The transition has not gone well. Economic output plummeted 60 percent between 1991 and 1999. Today, Moldova's economy is arguably the weakest in Europe. Per-capita GDP is well under the Central European average, at just $2,200, and nearly 30 percent of Moldovans are impoverished, according to the CIA World Factbook. True, average annual GDP growth between 2004 and 2007 was a robust 6.3 percent, but only because the economy had bottomed out; it could only go up.
To be sure, Moldova has faced daunting obstacles to modernization. The break and subsequent war with Transdniestria has been painful, as the region accounted for 45 percent of Moldova's industrial base. Transdniestria declared independence in 1990 fearing Moldova would one day reunify with Romania. Cozy with Russia, it's been a persistent annoyance ever since, though Voronin's 11 April meeting with Transdniestrian President Igor Smirnov, their first since 2001, signals progress.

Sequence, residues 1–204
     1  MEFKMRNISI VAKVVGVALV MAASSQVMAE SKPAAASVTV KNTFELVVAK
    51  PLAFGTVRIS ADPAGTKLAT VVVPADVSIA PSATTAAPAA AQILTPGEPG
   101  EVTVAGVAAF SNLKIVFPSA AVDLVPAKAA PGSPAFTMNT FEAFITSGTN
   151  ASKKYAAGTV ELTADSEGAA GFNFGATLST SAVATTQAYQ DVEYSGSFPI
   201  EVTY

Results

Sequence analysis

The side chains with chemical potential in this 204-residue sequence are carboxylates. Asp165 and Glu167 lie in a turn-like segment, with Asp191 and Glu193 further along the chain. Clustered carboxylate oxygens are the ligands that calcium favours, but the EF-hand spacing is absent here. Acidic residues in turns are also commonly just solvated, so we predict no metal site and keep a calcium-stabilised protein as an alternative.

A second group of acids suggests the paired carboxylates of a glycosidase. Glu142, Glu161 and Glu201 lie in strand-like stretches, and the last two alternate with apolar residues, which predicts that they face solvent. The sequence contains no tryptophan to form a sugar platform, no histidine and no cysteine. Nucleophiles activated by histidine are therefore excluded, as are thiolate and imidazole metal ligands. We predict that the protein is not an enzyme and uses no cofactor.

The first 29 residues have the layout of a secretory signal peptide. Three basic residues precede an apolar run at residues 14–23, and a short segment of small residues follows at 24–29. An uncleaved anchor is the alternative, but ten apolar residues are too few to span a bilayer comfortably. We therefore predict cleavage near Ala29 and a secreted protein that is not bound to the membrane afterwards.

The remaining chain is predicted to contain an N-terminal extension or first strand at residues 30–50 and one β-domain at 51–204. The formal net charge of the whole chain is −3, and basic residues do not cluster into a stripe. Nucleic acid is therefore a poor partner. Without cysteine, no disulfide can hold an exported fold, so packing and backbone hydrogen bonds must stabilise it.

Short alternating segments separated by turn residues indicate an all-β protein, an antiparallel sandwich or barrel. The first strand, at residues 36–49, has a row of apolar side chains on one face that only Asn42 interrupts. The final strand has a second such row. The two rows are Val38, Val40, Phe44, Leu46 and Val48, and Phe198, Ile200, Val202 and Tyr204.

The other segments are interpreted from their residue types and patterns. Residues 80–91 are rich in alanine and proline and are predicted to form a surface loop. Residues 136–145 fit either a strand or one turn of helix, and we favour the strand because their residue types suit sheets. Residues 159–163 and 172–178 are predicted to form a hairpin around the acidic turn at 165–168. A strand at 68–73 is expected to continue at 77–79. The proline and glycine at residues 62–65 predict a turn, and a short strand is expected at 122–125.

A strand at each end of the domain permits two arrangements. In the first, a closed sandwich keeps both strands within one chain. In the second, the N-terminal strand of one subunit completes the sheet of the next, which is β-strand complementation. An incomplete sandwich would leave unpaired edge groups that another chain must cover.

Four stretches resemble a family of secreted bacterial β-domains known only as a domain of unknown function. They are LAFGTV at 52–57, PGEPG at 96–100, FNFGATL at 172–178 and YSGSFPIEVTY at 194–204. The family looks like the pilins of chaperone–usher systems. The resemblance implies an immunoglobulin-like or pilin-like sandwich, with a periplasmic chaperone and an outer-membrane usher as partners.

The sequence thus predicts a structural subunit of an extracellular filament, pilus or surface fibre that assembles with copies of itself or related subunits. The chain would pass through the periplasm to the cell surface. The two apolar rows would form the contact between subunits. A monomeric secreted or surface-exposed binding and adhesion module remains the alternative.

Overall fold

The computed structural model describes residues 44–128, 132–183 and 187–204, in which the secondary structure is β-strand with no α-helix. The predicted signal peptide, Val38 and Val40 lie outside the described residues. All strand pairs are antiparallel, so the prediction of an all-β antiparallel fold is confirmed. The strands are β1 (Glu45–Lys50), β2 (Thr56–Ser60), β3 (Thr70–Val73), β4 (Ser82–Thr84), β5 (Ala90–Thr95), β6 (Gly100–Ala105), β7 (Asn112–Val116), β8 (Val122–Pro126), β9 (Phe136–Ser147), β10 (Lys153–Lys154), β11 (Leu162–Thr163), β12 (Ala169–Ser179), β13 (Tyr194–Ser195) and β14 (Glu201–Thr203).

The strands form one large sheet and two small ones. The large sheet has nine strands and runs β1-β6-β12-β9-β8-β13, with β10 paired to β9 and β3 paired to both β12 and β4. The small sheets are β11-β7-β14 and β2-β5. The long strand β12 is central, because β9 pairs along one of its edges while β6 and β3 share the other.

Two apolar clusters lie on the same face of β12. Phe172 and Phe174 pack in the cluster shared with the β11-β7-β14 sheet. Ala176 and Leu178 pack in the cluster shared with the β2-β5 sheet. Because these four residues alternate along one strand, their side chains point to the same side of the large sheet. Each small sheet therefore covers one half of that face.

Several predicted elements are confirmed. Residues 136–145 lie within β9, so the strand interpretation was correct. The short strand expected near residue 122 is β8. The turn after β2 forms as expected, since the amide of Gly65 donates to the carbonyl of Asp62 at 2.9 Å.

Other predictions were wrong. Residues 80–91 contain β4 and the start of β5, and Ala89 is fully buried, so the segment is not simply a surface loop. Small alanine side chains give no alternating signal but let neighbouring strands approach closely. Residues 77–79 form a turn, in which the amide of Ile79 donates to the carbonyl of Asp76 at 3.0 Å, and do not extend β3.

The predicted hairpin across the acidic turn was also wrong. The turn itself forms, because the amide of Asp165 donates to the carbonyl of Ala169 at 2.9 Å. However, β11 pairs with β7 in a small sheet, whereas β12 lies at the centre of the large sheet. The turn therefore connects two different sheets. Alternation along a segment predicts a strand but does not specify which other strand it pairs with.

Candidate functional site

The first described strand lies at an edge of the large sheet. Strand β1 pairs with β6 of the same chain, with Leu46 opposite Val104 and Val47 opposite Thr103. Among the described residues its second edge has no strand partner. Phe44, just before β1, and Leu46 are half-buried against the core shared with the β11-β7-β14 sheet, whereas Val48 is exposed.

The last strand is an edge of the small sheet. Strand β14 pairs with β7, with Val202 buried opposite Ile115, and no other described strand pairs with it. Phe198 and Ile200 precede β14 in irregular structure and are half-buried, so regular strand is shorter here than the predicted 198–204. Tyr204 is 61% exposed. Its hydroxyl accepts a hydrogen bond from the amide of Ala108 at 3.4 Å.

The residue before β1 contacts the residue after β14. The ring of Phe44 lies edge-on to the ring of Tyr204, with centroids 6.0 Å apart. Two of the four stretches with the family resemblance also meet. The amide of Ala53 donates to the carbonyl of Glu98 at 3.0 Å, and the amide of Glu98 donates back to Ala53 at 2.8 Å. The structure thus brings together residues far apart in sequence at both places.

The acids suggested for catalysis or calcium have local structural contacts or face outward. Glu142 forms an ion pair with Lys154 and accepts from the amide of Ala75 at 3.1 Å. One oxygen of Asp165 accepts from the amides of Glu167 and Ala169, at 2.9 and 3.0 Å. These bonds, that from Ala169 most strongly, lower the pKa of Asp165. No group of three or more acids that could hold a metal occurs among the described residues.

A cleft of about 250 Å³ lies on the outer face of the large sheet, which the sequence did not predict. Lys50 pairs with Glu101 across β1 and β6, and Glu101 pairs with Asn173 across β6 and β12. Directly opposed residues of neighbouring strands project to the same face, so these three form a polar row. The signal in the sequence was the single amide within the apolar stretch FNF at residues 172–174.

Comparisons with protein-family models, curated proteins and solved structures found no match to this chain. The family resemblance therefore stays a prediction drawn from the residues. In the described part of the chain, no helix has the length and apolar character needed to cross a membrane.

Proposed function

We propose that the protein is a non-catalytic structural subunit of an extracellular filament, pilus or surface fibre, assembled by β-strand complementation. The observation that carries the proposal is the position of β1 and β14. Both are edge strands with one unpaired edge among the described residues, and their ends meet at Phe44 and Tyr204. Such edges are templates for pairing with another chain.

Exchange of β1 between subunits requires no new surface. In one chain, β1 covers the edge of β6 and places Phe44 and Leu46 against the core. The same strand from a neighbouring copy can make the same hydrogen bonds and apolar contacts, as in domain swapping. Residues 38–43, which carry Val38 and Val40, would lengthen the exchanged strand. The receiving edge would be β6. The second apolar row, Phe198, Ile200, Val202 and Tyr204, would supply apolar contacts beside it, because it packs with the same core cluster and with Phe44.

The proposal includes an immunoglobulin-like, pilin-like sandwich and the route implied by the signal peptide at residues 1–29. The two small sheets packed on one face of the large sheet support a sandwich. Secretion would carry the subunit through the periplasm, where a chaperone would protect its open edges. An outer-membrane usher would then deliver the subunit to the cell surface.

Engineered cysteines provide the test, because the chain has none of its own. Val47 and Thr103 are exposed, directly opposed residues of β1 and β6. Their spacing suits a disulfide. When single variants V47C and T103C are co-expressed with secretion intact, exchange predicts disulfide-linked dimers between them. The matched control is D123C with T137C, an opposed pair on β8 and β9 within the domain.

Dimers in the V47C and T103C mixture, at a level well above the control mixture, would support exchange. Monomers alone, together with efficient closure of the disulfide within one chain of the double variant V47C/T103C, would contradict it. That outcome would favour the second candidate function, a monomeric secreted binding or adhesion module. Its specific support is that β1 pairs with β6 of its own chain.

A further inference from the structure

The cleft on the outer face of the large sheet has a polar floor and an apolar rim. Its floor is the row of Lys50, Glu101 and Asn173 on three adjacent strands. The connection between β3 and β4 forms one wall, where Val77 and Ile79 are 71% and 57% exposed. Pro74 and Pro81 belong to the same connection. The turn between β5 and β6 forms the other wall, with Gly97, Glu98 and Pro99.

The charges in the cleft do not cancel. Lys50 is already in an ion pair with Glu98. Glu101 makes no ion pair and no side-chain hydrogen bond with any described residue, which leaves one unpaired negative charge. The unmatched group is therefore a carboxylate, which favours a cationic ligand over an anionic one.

That struggle contributed to Moldova's early economic belly flop, but today the Communist leadership is the biggest impediment to progress, according to Vlad Spanu, executive director of the nonprofit Moldova Foundation in Washington, D.C. While not overhauling the reform package of the mid-1990s since coming to power in 2001, the regime has leashed its chief objective—privatization—keeping a grip on the remaining state-owned companies. Communist leaders have also dragged their feet on crucial problems such as corruption and the weak media. The same goes for labor market inflexibility; it remains nearly impossible to fire someone in Moldova.
Such inflexibility, along with high levels of corruption and poor infrastructure, repels investors. FDI barely broke $200 million last year, compared with $6.4 billion in Romania, according to the Heritage Foundation's latest Index of Economic Freedom.